On 4 October 1993, Mr. and Mrs. Chaparro filed a petition for writ of prohibition to prohibit the circuit court from enforcing its ruling on discovery requests numbers 3, 6, and 25.

I.

        The work product doctrine is contained in Rule 26(b)(3) of the West Virginia Rules of Civil Procedure. Its federal counterpart is identical. The rule exempts from discovery documents and tangible things "... prepared in anticipation of litigation or trial by or for another party or by or for that party's representative[.]"

        In In Re Markle, 174 W.Va. 550, 328 S.E.2d 157 (1984), we recognized that the purpose of Rule 26(b)(3), W.V.R.C.P. is to narrow the ability to obtain trial preparation material by expanding the coverage of the work product rule to include persons other than a lawyer. Accordingly, we held that the phrase "party's representative" should include, inter alia, a party's indemnitor, insurer, consultant, surety, accountant, economist, private investigator, claim agent or surveyor, to wit, anyone working under the direction of the lawyer and in anticipation of litigation. Id.

        While the work product doctrine creates a form of qualified immunity from discovery, see, e.g., Elizabeth Thomburg, "Rethinking Work Product," 77 Va.L.Rev., 1515, 1519 (1992), it does not label protected material as "privileged" and thus outside the scope of discovery under Rule 26(b)(1), W.V.R.C.P. With regard to the level of necessity required to obtain discovery of protected, non-discoverable work product, we recognized in Markle that Rule 26(b)(3), W.V.R.C.P. distinguishes between factual and opinion work product. Where factual work product is involved,See footnote 1 the party demanding production must show a "substantial need" for the material in the sense that he cannot obtain the same or its equivalent through other means "without undue hardship."See footnote 2 Where opinion work product is involved, the showing required to obtain discovery is even stronger because the rule states that "the court shall protect against disclosure of mental impressions, conclusion, opinions or legal theories." In Re Markle, 174 W.Va. at 556-57, 328 S.E.2d at 163 (1984).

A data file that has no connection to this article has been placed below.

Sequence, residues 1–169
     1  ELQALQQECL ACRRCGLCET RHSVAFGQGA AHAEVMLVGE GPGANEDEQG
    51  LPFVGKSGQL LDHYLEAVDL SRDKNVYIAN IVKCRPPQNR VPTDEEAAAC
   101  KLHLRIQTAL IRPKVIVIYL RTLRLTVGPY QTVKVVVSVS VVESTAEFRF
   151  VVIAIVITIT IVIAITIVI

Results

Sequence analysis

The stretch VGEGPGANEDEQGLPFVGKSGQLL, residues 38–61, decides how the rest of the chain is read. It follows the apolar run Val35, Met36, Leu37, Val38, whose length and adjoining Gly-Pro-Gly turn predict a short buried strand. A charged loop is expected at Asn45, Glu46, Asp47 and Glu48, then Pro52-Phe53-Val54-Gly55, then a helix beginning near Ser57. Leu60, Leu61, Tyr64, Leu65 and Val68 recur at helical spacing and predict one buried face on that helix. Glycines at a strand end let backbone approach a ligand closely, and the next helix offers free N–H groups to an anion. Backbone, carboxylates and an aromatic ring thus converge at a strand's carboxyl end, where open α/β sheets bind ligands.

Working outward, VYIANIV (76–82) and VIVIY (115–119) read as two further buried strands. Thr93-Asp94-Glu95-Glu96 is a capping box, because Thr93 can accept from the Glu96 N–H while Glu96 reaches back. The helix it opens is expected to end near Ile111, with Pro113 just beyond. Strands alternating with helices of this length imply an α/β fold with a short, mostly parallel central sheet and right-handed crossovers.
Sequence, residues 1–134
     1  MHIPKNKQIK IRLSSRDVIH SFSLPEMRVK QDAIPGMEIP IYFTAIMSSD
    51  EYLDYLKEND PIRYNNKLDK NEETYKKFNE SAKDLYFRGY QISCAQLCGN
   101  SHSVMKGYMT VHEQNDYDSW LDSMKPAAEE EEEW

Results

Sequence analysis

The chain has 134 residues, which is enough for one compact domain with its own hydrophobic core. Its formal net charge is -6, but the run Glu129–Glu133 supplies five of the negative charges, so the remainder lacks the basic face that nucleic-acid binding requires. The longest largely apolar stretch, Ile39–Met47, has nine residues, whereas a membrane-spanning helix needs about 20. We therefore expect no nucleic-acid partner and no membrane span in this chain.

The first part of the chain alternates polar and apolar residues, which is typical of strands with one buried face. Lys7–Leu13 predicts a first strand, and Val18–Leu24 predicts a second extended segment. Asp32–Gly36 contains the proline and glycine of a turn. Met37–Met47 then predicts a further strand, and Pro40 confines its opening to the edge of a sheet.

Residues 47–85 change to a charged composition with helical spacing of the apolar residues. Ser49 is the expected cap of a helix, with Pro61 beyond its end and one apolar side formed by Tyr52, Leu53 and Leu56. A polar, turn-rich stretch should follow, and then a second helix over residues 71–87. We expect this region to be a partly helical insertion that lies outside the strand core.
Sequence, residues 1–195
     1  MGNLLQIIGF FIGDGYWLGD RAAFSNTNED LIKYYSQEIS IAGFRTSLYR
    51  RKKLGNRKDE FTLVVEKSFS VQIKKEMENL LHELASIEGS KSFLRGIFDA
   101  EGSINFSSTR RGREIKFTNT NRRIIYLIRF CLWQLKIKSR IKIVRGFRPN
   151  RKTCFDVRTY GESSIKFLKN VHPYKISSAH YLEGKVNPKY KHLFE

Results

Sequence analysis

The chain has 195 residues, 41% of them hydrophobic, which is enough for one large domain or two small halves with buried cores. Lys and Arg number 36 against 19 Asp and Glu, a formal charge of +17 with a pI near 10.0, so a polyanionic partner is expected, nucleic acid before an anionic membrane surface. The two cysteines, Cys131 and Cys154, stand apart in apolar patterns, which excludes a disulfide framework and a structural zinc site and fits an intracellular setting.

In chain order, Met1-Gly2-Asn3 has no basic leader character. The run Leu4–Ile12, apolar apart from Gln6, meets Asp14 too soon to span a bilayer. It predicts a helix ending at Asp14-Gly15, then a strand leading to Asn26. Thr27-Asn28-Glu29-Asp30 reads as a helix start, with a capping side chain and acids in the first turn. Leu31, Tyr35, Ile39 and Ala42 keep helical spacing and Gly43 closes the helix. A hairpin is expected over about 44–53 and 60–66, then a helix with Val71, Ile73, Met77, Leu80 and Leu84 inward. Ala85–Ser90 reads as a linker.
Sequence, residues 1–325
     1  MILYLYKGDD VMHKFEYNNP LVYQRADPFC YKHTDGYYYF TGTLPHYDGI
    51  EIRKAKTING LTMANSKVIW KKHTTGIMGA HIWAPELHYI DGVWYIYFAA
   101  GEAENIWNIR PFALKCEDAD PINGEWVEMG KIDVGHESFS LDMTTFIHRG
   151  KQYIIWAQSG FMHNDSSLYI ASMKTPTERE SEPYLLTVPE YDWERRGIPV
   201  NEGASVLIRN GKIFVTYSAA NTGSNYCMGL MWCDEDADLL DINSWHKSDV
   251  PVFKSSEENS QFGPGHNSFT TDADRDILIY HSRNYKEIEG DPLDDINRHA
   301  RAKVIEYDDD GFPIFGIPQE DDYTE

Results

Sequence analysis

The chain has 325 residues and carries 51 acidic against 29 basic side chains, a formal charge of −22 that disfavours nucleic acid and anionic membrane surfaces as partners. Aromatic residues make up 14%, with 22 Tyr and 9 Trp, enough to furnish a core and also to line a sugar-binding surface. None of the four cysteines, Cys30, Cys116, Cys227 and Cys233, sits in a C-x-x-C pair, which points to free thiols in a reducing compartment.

The statements at issue in this case are protected from disclosure because the Groves have failed, either by affidavit or by argument of counsel, to proffer any showing that they are in substantial need of the statements or diary or that they cannot take their own statements "without undue hardship." That the Groves are represented by an insurance company with vast investigative resources available to it renders it highly unlikely that such a good-faith proffer could be made.

II.

        We also recognized in Markle, however, that because the limitation in Rule 26(b)(3), W.V.R.C.P. is against obtaining documents and other tangible things used in trial preparation, there is no prohibition against using other discovery methods to identify witnesses and depose them. In Re Markle, 174 W.Va. at 557, 328 S.E.2d at 163 (1984).